Retracted Covid-19 articles: significantly more cited than other articles within their journal of origin
UMass Chan AffiliationsMedicine
T.H. Chan School of Medicine
Document TypeJournal Article
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AbstractWith the expansion of research volume, coinciding with the age of the internet, the retraction of published papers from scientific journals has become crucial to preserving scientific integrity. Since the beginning of the COVID-19 pandemic, both public and professional interest in scientific literature has grown as people attempt to educate themselves on the virus. The Retraction Watch Database COVID-19 blog was accessed in June and November of 2022 and analyzed to ensure articles met inclusion criteria. Articles were then accessed on Google Scholar and the Scopus database to find number of citations and SJR/CiteScore. The average SJR and CiteScore for a journal that published one of the articles was 1.531 and 7.3 respectively. The retracted articles were cited an average of 44.8 times, which was significantly higher than the average CiteScore (p = 0.01). Between June and November, retracted COVID-19 articles gained a total of 728 new citations, presence of "withdrawn" or "retracted" before article title did not affect citation rates. COPE guidelines for retraction statements were not met for 32% of articles. We believe retracted COVID-19 publications may have been more likely to include bold claims that garnered a disproportionately high amount of attention within the scientific community. Additionally, we found many journals were not forthright with explanations for why articles had been retracted. Retractions could be a tool used to add to the scientific discourse, but currently we are only getting half the data, the what and not the why.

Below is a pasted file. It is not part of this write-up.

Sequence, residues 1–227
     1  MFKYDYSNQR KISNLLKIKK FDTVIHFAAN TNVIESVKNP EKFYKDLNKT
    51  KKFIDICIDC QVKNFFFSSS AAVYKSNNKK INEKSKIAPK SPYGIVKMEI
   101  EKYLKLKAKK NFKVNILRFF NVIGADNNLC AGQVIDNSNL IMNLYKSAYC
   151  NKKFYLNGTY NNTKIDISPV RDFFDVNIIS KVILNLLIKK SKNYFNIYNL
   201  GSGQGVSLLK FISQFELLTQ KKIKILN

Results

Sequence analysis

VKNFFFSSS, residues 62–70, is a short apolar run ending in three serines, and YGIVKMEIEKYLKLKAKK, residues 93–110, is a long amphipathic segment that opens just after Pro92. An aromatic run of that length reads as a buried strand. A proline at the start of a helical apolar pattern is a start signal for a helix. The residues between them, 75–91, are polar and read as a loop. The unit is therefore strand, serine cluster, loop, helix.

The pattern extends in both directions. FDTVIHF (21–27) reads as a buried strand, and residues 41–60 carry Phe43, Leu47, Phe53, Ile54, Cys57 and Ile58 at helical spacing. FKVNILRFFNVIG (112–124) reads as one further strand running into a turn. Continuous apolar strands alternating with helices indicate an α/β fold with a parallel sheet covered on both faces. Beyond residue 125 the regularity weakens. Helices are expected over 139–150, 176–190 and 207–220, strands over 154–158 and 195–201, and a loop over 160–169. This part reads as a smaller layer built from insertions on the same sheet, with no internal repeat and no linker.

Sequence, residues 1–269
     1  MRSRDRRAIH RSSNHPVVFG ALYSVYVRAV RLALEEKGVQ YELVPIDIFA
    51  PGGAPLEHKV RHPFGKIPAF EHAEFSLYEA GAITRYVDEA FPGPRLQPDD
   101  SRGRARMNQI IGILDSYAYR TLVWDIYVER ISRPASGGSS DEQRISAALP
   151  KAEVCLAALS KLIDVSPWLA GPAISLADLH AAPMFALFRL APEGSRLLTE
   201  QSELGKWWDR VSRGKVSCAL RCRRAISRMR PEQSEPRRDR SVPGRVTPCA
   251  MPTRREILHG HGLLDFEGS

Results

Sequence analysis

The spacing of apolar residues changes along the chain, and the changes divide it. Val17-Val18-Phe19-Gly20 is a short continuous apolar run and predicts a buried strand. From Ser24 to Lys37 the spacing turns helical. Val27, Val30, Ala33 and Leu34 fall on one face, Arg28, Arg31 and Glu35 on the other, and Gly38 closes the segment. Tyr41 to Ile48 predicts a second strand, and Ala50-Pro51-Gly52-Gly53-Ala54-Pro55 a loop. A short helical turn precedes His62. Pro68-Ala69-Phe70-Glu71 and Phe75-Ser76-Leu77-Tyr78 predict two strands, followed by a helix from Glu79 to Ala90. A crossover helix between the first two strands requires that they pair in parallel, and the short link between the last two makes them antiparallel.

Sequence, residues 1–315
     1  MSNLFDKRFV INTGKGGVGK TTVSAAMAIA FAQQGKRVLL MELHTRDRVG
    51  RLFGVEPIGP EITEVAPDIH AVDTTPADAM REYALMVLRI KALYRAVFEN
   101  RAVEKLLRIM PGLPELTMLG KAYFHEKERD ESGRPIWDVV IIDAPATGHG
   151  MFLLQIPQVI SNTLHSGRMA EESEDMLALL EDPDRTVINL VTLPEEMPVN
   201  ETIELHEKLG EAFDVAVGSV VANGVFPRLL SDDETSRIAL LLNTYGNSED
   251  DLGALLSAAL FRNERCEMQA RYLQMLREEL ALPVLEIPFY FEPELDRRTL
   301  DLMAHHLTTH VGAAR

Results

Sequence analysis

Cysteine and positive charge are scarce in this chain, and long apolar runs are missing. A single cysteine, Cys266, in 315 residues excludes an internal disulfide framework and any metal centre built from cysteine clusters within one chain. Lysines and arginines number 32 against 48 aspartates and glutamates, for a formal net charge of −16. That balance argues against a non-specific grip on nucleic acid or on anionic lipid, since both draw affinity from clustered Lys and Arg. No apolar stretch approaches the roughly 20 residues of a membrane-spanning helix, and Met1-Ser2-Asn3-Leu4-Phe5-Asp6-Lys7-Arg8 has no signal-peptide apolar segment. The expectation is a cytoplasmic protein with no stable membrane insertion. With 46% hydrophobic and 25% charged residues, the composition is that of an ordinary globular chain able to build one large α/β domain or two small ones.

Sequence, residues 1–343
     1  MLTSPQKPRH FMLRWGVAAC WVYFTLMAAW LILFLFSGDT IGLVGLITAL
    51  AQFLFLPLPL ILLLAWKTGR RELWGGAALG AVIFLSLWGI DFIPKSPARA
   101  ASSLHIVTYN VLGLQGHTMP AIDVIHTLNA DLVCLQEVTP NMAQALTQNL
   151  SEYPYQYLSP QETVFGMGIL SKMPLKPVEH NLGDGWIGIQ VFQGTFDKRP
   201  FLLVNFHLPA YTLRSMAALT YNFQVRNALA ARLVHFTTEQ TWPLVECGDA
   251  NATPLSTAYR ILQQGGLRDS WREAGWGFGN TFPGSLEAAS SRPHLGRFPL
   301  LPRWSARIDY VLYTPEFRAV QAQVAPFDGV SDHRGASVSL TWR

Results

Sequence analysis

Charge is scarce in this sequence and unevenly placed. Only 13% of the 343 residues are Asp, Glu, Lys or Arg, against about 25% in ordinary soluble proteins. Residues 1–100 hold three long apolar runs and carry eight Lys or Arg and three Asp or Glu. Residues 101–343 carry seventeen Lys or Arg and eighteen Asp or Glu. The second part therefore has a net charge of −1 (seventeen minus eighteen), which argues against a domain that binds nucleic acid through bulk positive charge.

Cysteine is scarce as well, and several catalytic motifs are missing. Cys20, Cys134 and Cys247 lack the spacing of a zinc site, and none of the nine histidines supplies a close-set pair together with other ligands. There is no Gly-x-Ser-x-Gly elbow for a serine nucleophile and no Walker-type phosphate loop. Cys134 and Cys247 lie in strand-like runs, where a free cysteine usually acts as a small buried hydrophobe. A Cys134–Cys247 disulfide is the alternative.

SourceTaros T, Zoppo C, Yee N, Hanna J, MacGinnis C. Retracted Covid-19 articles: significantly more cited than other articles within their journal of origin. Scientometrics. 2023;128(5):2935-2943. doi: 10.1007/s11192-023-04707-4. Epub 2023 Apr 12. PMID: 37101974; PMCID: PMC10089824.
Permanent Link to this Itemhttp://hdl.handle.net/20.500.14038/52008
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